If your dog has had a change in behavior and is barking more than usual, barking at abnormal times and in inappropriate situations, or the sound of your dog’s bark has changed, then first take your dog to a veterinarian to rule out any underlying medical causes. If there are no underlying physical causes, you can also talk to your veterinarian about ways to deal with barking, as long as any methods suggested are force-free and do not punish or create negative experiences for the dog.

How to Stop Barking in Dogs

You should never try to “stop” barking in dogs because it’s a key part of their ability to communicate. If a dog is not permitted to bark, this results in frustration and compromises your dog’s happiness and welfare. Rather, if your dog’s barking is causing an issue, either for you, other family members, or neighbors, follow these steps to try to help your dog bark less in certain situations.

  1. Figure out what’s triggering the barking. Is it when the delivery man comes to the door, or when the dog is left alone? Keep a journal of the times of day and circumstances that cause your dog to bark. 
  2. Once you’ve figured out what is triggering the barking, you can work on replacing it with another behavior. If the barking is associated with the front door, teach your dog to go to a mat and sit for a treat when the doorbell rings. If your dog is not food motivated, a fun toy can also serve as a reward.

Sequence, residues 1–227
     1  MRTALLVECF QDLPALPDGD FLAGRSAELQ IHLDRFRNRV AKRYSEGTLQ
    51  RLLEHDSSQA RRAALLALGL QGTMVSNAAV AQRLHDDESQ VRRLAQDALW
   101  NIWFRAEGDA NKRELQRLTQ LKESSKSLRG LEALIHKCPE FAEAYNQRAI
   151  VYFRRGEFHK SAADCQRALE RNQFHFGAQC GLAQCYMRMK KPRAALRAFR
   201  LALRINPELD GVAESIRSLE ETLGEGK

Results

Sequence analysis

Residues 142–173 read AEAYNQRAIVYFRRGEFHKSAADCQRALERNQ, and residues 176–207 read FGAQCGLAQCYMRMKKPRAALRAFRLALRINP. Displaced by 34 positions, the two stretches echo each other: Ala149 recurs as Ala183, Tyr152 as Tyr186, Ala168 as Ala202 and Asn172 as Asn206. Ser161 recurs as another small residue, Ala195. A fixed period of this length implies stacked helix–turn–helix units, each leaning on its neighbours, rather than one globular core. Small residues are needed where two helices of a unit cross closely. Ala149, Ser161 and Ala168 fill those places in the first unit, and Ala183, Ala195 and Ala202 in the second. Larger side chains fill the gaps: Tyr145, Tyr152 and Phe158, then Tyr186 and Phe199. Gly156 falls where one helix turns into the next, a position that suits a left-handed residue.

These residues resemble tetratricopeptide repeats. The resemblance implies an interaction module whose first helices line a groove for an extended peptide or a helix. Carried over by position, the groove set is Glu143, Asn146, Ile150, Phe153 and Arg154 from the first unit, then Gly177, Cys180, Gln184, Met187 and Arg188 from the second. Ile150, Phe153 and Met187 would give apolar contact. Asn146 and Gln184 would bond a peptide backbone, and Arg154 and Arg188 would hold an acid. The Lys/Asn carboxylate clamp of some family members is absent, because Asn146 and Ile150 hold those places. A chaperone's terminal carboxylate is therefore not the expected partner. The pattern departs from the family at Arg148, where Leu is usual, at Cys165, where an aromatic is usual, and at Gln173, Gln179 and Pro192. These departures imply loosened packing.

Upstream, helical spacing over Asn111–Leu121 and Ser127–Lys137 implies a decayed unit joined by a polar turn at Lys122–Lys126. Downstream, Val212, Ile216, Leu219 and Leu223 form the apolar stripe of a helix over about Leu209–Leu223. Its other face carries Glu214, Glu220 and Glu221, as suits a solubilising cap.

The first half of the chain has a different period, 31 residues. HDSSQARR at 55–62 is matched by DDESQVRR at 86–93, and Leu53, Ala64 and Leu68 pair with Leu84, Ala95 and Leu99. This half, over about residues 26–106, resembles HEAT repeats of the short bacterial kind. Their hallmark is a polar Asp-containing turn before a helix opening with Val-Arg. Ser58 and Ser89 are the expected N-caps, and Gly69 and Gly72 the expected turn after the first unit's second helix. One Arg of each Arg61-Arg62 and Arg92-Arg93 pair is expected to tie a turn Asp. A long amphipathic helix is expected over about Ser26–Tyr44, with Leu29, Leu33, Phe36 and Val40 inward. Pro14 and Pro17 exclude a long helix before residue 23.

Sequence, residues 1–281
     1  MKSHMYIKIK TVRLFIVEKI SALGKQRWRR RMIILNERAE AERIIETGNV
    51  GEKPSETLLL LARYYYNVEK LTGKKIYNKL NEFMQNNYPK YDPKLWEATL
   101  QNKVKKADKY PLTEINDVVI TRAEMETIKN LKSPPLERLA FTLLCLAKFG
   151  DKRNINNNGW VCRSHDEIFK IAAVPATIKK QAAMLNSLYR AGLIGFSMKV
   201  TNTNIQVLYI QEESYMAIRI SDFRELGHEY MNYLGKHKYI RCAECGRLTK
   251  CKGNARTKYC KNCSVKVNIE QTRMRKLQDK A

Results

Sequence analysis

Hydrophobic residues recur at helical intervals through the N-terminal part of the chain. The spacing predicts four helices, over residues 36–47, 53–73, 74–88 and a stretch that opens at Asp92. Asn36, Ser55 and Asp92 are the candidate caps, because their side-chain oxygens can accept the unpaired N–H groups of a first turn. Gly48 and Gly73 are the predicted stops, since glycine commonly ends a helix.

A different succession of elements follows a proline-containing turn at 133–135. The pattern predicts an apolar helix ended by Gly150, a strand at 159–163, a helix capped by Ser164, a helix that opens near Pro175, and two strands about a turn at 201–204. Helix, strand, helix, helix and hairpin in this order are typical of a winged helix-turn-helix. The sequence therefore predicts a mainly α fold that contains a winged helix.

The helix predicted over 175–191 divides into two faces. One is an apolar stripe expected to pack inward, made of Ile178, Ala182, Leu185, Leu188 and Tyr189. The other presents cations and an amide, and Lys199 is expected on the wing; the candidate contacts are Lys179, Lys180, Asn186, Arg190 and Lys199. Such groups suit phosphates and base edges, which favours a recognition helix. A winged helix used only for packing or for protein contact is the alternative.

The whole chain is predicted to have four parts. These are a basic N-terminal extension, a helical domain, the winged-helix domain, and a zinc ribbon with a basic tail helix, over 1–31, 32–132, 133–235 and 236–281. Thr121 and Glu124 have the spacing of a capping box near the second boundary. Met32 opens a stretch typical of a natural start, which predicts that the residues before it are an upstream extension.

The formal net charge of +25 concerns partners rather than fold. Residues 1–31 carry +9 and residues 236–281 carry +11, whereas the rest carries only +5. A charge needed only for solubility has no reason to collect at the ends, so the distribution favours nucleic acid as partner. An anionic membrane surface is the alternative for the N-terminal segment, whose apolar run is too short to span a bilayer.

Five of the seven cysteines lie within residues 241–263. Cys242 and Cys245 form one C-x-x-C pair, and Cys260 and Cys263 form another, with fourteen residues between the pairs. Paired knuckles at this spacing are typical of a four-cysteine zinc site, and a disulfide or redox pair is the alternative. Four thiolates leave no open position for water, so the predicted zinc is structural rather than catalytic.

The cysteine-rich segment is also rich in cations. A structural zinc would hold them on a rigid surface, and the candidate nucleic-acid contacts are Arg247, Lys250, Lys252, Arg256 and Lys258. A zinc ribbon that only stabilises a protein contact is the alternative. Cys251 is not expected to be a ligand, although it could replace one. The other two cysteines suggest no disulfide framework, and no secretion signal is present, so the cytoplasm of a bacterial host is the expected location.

3. If your dog barks for attention, try reinforcing other behaviors like touching you with a nose or eye contact to ask for attention instead. Always give rewards and praise for the behaviors you want your dog to use in place of the barking. 
  4. Do not leave your dog unsupervised outside for long periods of time. If your dog is barking because of loneliness, see if you can modify your schedule to spend more time at home and check out doggie daycare, playdates, and house sitting options so your dog isn't alone so much.
  5. Make sure your dog gets plenty of exercise and fun activities to keep it physically and mentally challenged. There are lots of great food puzzles and toys that may be good ways to keep your dog busy when you are not home.

Never use the following: 

  • Punishment 
  • Hitting, yelling, or throwing things 
  • Shock, citronella, or other “bark” collars 
  • Prong or choke collars 

These techniques use punishment to create a negative association between the unwanted behavior (barking) and an unpleasant or painful response from you. There are many problems with these techniques including creating fear and possibly aggression in your dog and eroding the bond between you and your dog, leading to your dog not trusting you. Often, these techniques do not actually resolve the problem since your dog learns to avoid doing the behavior in your presence but is not actually learning what to do instead.

Barking from fear or anxiety, including separation anxiety, may require veterinary treatment to address the underlying problem. It can be very helpful to work with a professional trainer if you are struggling to change your dog's barking behaviors, but make sure they use only positive reinforcement and force-free training methods. Never use a trainer that punishes or causes pain or fear in your dog.

Article Sources